U.S. Energy Outlook
EIA has reassessed its long-term outlook on energy prices for the AEO2006 reference case (Figure 1), including much higher world oil prices than in recent AEOs. World oil markets have been extremely volatile for the past several years, and the reference case oil price path in recent AEOs did not fully reflect the causes of that volatility and their implications for future oil prices. In the AEO2006 reference case, world oil supplies are assumed to be tighter, as the combined productive capacity of the members of the Organization of the Petroleum Exporting Countries (OPEC) does not increase as much as previously projected.
In the AEO2006, world crude oil prices, which are now expressed by EIA in terms of the average price of imported low-sulfur crude oil to U.S. refiners, are projected to fall from current levels to about $47 per barrel in (2004 dollars) in 2014, then rise to $54 per barrel in 2025 and $57 per barrel in 2030. The projected price in 2025 is about $21 per barrel higher than projected in last year’s reference case (Figure 2).
Geopolitical trends, the adequacy of investment and the availability of crude oil resources and the degree of access to them, are all inherently uncertain. To evaluate the implications of uncertainty about world crude oil prices, the AEO2006 includes two other price cases, a high price case and a low price case, based on alternative world crude oil price paths. The cases are designed to address the uncertainty about the market behavior of OPEC. Although the price cases reflect alternative long term trends, they are not designed to reflect short-term, year-to-year volatility in world oil markets, nor are they intended to span the full range of possible outcomes. In the low price case, world crude oil prices are projected to decline gradually to $34 per barrel (2004 dollars) through 2020 and then remain at that level through 2030. In the high price case, oil prices grow throughout the projection horizon, reaching more than $96 per barrel (2004 dollars) in 2030.
In the AEO2006 reference case, average wellhead prices for natural gas in the United States decline from $5.49 per thousand cubic feet (2004 dollars) in 2004 to $4.46 per thousand cubic feet in 2016 as the availability of new import sources and increased drilling expand available supply. After 2016, wellhead prices are projected to increase gradually, reaching $5.92 per thousand cubic feet in 2030. Growth in liquefied natural gas (LNG) imports, Alaskan production, and lower-48 production from unconventional sources are not expected to increase sufficiently to offset the impacts of resource depletion and increased demand in the lower-48 States. Projections of wellhead prices in the low and high price cases reflect alternative assumptions about the cost and availability of natural gas, including imports of LNG. In the low price case, the average wellhead price is projected to decline more rapidly through 2015 than in the reference case, then increases more slowly to 2030, reaching $4.97 per thousand cubic feet (2004 dollars). In the high price case, the pattern is reversed, and the projected wellhead price reaches $7.71 per thousand cubic feet in 2030.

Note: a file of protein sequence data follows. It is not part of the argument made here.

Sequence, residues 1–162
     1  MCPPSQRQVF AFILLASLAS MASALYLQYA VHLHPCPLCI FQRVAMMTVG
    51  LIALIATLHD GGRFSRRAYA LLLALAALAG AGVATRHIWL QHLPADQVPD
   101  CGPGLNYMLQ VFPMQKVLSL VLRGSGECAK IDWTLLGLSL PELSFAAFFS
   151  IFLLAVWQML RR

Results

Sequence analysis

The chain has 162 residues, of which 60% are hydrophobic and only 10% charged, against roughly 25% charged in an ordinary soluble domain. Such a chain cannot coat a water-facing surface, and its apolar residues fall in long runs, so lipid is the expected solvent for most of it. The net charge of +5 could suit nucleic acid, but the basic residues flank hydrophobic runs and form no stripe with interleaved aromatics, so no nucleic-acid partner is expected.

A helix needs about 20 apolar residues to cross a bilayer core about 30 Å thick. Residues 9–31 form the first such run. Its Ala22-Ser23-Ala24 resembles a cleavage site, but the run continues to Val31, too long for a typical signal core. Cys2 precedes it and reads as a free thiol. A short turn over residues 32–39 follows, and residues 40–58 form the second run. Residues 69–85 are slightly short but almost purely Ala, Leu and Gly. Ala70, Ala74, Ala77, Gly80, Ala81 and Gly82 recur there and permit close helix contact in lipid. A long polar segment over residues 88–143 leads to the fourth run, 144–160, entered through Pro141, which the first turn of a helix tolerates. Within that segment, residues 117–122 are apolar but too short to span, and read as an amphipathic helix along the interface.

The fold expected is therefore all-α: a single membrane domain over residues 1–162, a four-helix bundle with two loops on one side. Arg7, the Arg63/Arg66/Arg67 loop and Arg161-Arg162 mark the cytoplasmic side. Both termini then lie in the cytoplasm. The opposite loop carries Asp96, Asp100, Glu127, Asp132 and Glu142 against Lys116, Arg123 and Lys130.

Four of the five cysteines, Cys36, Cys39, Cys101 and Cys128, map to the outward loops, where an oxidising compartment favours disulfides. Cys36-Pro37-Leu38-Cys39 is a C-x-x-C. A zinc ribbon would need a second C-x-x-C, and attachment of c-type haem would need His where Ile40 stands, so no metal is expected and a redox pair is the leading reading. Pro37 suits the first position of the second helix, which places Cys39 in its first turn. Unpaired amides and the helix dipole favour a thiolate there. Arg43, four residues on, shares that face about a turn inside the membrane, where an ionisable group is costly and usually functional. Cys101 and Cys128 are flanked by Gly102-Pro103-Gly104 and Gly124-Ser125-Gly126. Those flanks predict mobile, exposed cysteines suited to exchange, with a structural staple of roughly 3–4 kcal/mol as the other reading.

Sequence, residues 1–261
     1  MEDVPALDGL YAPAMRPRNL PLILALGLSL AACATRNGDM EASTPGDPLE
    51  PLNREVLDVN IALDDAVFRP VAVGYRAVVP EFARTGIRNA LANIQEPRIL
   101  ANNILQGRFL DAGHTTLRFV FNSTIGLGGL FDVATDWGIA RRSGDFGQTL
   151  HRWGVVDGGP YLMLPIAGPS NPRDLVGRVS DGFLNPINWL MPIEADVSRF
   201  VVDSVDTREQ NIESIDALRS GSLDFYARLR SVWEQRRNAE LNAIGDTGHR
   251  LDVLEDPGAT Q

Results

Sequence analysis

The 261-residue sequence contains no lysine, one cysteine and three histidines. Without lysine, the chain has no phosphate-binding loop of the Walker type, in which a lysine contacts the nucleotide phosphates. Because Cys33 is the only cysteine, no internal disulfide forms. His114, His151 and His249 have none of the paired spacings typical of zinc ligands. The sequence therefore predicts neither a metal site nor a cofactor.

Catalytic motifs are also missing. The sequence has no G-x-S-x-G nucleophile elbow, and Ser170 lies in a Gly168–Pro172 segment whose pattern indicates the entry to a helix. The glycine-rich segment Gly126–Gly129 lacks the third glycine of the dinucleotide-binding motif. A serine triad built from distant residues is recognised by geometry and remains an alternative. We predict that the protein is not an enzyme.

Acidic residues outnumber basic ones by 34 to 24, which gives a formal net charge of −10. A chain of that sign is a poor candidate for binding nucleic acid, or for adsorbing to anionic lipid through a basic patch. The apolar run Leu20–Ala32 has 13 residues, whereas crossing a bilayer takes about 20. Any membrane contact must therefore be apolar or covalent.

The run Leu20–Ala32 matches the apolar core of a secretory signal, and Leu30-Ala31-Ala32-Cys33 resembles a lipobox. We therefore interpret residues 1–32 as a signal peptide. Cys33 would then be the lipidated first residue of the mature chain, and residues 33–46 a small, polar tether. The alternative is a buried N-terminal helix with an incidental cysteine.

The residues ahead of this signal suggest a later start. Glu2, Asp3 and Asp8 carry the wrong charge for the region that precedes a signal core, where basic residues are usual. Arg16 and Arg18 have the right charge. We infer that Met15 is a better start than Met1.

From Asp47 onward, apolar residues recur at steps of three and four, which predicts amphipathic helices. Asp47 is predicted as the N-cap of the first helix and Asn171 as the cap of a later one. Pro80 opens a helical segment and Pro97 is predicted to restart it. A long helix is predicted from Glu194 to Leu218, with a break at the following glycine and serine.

In the AEO2006, continued increases in coal production, including an increase in relatively high-cost eastern coal, result in a gradual increase in the average minemouth price from $20.07 per ton (2004 dollars) in 2004 to $22.23 per ton in 2010. After 2010, the price declines gradually to $20.20 in 2020, as the average utilization of mining capacity and the production share of higher-cost Central Appalachian coal decline. Between 2020 and 2030, prices are projected to increase as rising natural gas prices and the need for baseload generating capacity lead to the construction of many new coal-fired generating plants. The substantial investment in new mining capacity during this period, combined with low productivity growth and rising utilization of mining capacity, lead to a recovery in the average minemouth coal price to $21.73 per ton (2004 dollars) in 2030, just under the 2010 average.
Average delivered electricity prices are projected to decline from 7.6 cents per kilowatthour (2004 dollars) in 2004 to a low of 7.1 cents per kilowatthour in 2015 as a result of an increasingly competitive generation market and a decline in natural gas prices. After 2015, average real electricity prices are projected to increase, reaching 7.5 cents per kilowatthour in 2030.
Total energy consumption is projected to grow at about one-third the rate (1.1 percent per year) of gross domestic product (GDP), with the strongest growth in energy consumption for electricity generation and transportation and commercial uses. Transportation energy demand is expected to increase from 27.8 quadrillion British thermal units (Btu) in 2004 to 39.7 quadrillion Btu in 2030, an average growth rate of 1.4 percent per year (Figure 3). Most of the growth in demand between 2004 and 2030 occurs in light-duty vehicles (57 percent of total growth), followed by heavy truck travel (24 percent of growth) and air travel (11 percent of growth). Delivered commercial energy consumption is projected to grow at a more rapid average annual rate of 1.6 percent between 2004 and 2030, reaching 12.4 quadrillion Btu in 2030, consistent with growth in commercial floorspace. The most rapid increase in commercial energy demand is projected for electricity used for office equipment, computers, telecommunications, and miscellaneous small appliances.